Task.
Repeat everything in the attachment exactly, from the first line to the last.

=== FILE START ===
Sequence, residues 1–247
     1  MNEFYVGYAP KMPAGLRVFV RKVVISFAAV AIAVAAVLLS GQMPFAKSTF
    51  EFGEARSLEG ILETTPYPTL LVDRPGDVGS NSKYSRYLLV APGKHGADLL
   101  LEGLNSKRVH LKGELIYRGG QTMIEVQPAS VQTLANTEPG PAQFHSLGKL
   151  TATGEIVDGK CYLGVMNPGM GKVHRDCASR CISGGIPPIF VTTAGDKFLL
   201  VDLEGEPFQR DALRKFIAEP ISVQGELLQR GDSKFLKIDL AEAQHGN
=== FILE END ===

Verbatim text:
Sequence, residues 1–247
     1  MNEFYVGYAP KMPAGLRVFV RKVVISFAAV AIAVAAVLLS GQMPFAKSTF
    51  EFGEARSLEG ILETTPYPTL LVDRPGDVGS NSKYSRYLLV APGKHGADLL
   101  LEGLNSKRVH LKGELIYRGG QTMIEVQPAS VQTLANTEPG PAQFHSLGKL
   151  TATGEIVDGK CYLGVMNPGM GKVHRDCASR CISGGIPPIF VTTAGDKFLL
   201  VDLEGEPFQR DALRKFIAEP ISVQGELLQR GDSKFLKIDL AEAQHGN